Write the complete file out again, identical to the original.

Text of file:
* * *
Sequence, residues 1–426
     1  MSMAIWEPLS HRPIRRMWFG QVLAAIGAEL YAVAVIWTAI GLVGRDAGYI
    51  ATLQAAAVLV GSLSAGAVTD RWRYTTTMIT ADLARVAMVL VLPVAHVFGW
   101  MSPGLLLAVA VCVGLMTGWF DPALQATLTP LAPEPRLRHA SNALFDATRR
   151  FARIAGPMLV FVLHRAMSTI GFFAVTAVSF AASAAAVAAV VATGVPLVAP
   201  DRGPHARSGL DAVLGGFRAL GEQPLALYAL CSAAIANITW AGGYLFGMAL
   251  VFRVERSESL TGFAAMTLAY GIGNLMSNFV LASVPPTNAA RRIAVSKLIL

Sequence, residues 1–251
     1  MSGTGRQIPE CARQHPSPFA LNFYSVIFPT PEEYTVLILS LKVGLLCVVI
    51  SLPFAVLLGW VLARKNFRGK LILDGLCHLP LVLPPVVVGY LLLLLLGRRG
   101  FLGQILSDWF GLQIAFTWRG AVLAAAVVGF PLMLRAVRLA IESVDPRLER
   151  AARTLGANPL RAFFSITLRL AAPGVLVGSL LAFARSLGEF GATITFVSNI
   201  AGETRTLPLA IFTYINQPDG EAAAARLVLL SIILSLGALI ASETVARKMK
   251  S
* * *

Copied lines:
Sequence, residues 1–426
     1  MSMAIWEPLS HRPIRRMWFG QVLAAIGAEL YAVAVIWTAI GLVGRDAGYI
    51  ATLQAAAVLV GSLSAGAVTD RWRYTTTMIT ADLARVAMVL VLPVAHVFGW
   101  MSPGLLLAVA VCVGLMTGWF DPALQATLTP LAPEPRLRHA SNALFDATRR
   151  FARIAGPMLV FVLHRAMSTI GFFAVTAVSF AASAAAVAAV VATGVPLVAP
   201  DRGPHARSGL DAVLGGFRAL GEQPLALYAL CSAAIANITW AGGYLFGMAL
   251  VFRVERSESL TGFAAMTLAY GIGNLMSNFV LASVPPTNAA RRIAVSKLIL

Sequence, residues 1–251
     1  MSGTGRQIPE CARQHPSPFA LNFYSVIFPT PEEYTVLILS LKVGLLCVVI
    51  SLPFAVLLGW VLARKNFRGK LILDGLCHLP LVLPPVVVGY LLLLLLGRRG
   101  FLGQILSDWF GLQIAFTWRG AVLAAAVVGF PLMLRAVRLA IESVDPRLER
   151  AARTLGANPL RAFFSITLRL AAPGVLVGSL LAFARSLGEF GATITFVSNI
   201  AGETRTLPLA IFTYINQPDG EAAAARLVLL SIILSLGALI ASETVARKMK
   251  S